Restaurant City
Posted at 21:00 on 30th March 2009 - permalink

There are some games that should be kept out of the hands of people with addictive personalities. For me, Card Fighters Clash was one. Kingdom of Loathing, for a time, was another. And don’t get me started on Animal Crossing: Wild World – everything UK:Resistance say about the game is true (and if anything an understatement). Given this history I daren’t even approach World of Warcraft.

The rewards offered by these games, shorn of context or emotional investment, are not immediately apparent to the outside observer. A few games take this a step further, leaving the players themselves without an adequate explanation as to why they’re drawn into the game. Sometimes it’s enough to see a number get bigger. A case in point: Restaurant City, the latest game from Flash-games-for-social-networks supremos Playfish. This is a game that offers very little in the way of traditional gameplay, but I still can’t stop going back to it.

As with Playfish’s earlier game Pet Society, Restaurant City take a lot of cues from Animal Crossing. You have a restaurant which you can furnish and decorate. You can hire staff (names are taken from your Facebook friend list, although oddly ‘hiring’ someone else who also has the app installed doesn’t have any impact on either party’s game) to cook and serve food to a constant stream of customers.

Thankfully the running of the restaurant (while obviously modeled after Diner Dash and its countless clones) is fully automated, requiring the player do no more than make sure that the furniture, doors and stoves are positioned for maximum efficiency. The game world is persistent, so your restaurant will continue to earn money and experience without manual intervention, as long as the staff are periodically fed or rested.

The restaurant’s menu is chosen from a set of recipes (similar to the fossil, fish and insect collections in AC:WW) which are unlocked and levelled up by obtaining their required ingredients. Ingredients are the ultimate currency of the game. New ingredients can only be obtained by visiting friends’ restaurants (first time only), trading with other players, or answering a daily trivia question correctly.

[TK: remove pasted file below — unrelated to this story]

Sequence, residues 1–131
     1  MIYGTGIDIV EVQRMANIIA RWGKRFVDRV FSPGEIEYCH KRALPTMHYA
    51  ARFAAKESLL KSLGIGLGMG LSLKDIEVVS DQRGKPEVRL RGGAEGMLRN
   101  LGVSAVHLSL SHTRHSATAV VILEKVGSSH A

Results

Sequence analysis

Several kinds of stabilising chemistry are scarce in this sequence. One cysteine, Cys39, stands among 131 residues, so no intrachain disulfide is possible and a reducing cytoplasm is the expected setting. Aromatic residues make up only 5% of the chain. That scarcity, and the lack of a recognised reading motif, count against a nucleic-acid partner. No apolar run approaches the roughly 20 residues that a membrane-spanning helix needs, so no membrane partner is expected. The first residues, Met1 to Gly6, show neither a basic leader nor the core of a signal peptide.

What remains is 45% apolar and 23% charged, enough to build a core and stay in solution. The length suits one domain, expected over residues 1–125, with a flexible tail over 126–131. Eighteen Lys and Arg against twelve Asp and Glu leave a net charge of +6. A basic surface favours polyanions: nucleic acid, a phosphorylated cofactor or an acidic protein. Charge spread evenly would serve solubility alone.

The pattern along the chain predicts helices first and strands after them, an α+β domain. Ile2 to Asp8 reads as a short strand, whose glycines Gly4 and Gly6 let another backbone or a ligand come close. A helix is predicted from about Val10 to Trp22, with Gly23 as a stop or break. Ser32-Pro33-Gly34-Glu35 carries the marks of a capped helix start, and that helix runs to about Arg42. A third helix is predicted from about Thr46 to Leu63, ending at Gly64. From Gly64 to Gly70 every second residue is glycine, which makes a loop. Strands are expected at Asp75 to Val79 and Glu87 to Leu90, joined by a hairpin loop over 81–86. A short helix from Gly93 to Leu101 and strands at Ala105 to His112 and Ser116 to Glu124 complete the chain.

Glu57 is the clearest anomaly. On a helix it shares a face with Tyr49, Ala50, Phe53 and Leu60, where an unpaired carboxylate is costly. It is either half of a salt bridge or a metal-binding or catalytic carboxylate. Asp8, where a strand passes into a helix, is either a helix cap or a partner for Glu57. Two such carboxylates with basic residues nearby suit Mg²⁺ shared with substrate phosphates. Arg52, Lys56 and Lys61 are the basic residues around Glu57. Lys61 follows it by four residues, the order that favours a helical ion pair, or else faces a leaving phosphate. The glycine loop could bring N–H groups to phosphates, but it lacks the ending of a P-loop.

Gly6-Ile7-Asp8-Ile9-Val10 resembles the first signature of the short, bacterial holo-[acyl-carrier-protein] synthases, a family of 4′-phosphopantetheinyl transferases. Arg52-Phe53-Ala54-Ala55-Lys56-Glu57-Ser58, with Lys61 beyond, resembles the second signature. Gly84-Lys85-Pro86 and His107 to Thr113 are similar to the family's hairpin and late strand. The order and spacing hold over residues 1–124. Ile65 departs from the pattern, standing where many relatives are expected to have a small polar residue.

This brings us to the main shortcoming of the game in its current (beta) state. Unlocking recipes for new dishes has no gameplay effect (a ‘level zero’ version of any dish always sells for $2 and gains 1 XP). It’s only by leveling up recipes (spending ingredients on them repeatedly) that the amount of XP awarded increases. (So for example, if I learn the dish Roast Beef, I would need to spend 1 x BEEF, 1 x CARROT and 1 x SALAD to unlock it, and then the same again to level it up each time.) Amassing the necessary items might take weeks, and still depend on a great deal of luck (especially as some ingredients are much rarer than others).

If you’re trying to ‘power play’ the game, gaining money and levels as quickly as possible to be able to afford the expensive high level items, the ingredient system places a massive emphasis on inviting friends to join the game (to get the bonus ingredients for visiting their restaurants for the first time, and to enlarge the pool of people to trade with). While this is obviously intended to make the game propogate virally, it jars with the established etiquette on Facebook, at least as I interpret it. (I suppose things might be different on other social networks, for instance the more youth-oriented Bebo.) There’s no option to purchase ingredients for (real or in-game) money instead.

While I can’t profess to have done any formal research into users behaviour on social networks, it instinctively feels to me that the game would have a better chance of spreading if it posted messages into players’ feeds, piquing their friends’ interest in that way rather than cajoling players into sending out invite spam. I only responded to the invite I received because I recognised Playfish as a reputable outfit and because the theme and the Play By Mail-inspired mechanics were sufficiently intriguing.

The only other criticism I have of the game at this stage is that it does feel a bit too much like a single-player game that has been thrust into a social arena. The options for interaction between players (either in ways that affect the game, or ‘playful’ ways to elicit a response) are fairly limited. That said, the game is already highly addictive, and if that translates into commercial success we will no doubt see new features added on a regular basis.

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